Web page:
- Associated Press - Thursday, July 31, 2014

DETROIT (AP) - A judge with a history of service to the Jewish community said Thursday he won’t step down from a criminal case involving a Chicago Arab-American activist charged with lying about bombings in Israel when she entered the U.S.

U.S. District Judge Paul Borman, who is Jewish, sharply criticized an effort by Rasmieh Odeh’s attorneys to portray him as unsuitable for the case. She is charged with an immigration crime by failing to disclose her conviction in 1969 bombings in Jerusalem.

“Like every one of my colleagues on the bench, I have a history and a heritage, but neither interferes with my ability to administer impartial justice to Ms. Odeh or to the government,” Borman said in a 10-page decision.

Defense attorney Michael Deutsch had asked Borman to pass the case to another judge, noting that he had received a prestigious award from the Jewish Federation of Metropolitan Detroit.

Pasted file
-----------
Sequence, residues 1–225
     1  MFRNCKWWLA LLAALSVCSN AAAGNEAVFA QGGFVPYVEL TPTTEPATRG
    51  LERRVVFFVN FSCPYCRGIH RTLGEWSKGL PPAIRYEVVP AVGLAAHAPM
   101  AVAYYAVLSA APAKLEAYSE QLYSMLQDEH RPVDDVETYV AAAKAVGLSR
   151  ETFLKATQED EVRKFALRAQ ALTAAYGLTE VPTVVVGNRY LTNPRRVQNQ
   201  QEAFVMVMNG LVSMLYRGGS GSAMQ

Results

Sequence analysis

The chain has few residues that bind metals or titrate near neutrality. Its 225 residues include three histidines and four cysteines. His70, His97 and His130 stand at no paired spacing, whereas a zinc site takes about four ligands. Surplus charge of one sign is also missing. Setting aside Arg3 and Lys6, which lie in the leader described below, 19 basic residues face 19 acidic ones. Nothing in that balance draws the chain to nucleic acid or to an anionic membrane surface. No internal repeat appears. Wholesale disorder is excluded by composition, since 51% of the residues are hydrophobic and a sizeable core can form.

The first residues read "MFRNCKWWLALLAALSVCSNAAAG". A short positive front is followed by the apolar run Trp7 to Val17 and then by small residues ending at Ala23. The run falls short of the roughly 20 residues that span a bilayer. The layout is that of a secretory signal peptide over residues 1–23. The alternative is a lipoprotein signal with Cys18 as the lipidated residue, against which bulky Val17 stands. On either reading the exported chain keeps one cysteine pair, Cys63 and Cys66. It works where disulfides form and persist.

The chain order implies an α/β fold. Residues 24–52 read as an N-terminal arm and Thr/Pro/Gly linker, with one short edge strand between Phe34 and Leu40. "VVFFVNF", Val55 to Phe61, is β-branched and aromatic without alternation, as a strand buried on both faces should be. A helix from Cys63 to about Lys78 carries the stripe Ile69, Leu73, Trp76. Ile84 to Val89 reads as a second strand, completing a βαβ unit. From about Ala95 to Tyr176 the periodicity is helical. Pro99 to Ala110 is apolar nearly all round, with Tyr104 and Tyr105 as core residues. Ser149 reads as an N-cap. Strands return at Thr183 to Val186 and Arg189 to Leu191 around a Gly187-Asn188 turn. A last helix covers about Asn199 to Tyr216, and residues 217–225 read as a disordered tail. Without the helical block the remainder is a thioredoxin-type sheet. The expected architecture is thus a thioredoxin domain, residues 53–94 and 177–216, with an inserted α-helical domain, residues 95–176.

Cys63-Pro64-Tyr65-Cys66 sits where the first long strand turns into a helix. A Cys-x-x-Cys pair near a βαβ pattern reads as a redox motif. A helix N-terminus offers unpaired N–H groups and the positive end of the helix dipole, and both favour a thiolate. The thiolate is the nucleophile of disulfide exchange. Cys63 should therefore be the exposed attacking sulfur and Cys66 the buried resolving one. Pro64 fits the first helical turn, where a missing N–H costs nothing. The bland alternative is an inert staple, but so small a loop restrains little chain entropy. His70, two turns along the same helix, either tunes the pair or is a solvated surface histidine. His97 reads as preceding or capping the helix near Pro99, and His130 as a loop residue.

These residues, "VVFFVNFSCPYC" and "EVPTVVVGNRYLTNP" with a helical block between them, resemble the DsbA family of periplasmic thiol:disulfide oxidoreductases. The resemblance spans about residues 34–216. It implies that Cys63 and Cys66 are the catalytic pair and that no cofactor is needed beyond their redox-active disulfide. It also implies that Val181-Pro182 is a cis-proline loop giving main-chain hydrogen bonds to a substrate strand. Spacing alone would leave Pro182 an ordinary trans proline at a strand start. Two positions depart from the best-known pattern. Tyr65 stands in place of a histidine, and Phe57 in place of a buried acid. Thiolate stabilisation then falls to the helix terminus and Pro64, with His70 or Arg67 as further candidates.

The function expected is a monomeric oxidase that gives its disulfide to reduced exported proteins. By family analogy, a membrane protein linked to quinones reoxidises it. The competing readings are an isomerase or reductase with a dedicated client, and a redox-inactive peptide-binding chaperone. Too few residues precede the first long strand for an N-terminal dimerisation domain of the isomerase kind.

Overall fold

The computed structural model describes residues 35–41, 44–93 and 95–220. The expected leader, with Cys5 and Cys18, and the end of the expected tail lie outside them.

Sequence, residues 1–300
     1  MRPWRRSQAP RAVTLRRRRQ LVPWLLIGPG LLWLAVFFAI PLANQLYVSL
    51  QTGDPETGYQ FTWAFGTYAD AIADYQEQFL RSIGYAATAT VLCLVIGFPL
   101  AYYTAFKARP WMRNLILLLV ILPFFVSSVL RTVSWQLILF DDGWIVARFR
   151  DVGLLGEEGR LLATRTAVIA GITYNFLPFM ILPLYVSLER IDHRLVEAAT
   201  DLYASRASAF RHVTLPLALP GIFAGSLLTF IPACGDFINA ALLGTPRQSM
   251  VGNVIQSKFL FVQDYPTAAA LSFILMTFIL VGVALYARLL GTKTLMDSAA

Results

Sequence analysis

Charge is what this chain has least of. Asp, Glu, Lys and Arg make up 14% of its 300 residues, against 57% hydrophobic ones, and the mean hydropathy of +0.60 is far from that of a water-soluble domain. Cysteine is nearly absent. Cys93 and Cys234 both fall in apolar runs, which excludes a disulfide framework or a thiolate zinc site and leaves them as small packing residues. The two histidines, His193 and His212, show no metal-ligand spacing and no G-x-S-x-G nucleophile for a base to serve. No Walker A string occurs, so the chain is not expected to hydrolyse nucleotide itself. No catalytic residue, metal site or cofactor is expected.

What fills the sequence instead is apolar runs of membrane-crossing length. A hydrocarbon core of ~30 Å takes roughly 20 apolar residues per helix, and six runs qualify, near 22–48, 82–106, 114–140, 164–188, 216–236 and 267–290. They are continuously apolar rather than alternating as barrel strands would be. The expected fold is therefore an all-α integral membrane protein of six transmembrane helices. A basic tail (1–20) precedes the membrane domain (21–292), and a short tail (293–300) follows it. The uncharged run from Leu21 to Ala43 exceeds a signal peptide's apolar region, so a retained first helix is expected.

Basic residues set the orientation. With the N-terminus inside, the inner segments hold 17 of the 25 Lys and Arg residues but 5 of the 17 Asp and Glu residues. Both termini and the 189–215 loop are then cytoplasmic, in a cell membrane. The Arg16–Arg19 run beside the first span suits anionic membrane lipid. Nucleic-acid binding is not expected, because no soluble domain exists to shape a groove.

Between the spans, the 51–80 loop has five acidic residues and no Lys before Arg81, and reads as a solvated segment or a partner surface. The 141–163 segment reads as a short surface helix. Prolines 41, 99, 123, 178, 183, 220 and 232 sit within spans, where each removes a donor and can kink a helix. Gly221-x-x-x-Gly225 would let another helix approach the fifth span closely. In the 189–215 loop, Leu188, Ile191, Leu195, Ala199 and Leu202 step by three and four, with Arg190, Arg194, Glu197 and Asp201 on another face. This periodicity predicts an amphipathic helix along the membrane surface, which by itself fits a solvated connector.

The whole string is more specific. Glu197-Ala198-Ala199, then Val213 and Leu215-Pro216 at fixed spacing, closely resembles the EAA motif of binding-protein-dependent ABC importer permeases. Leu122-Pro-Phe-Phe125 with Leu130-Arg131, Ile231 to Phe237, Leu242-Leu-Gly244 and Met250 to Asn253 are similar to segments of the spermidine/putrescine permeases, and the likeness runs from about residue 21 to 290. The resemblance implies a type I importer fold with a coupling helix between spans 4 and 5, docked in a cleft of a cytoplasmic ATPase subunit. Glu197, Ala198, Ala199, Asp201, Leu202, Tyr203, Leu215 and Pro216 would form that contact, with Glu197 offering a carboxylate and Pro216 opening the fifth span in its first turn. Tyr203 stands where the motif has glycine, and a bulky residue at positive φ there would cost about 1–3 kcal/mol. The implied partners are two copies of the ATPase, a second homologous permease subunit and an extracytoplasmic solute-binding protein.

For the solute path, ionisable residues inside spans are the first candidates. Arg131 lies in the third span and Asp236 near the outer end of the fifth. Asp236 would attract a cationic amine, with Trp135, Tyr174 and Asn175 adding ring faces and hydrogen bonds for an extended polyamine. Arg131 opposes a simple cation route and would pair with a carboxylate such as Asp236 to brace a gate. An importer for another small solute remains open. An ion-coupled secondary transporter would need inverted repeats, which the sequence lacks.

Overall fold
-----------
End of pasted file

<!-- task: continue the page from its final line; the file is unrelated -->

In a court filing, Deutsch said it’s “logical” to believe the judge has had contacts over the years with the Israeli military and its court system. Co-counsel James Fennerty even included public tax information from a family foundation that has made donations to Jewish groups.

But Borman pointed out it’s his cousin’s family - not him.

“These factually baseless allegations are irresponsible speculation,” Borman said.

Odeh, 67, also known as Rasmea Yousef, is associate director at the Arab American Action Network in Chicago.

She was convicted by an Israeli military court of placing two bombs at a Jerusalem market in 1969. One of them went off and killed two people. She also was convicted of a bombing at the British Consulate, which caused property damage a few days after the market attack.

Sentenced to life in prison, Odeh was released after 10 years in a prisoner swap between Israel and the Popular Front for the Liberation of Palestine.


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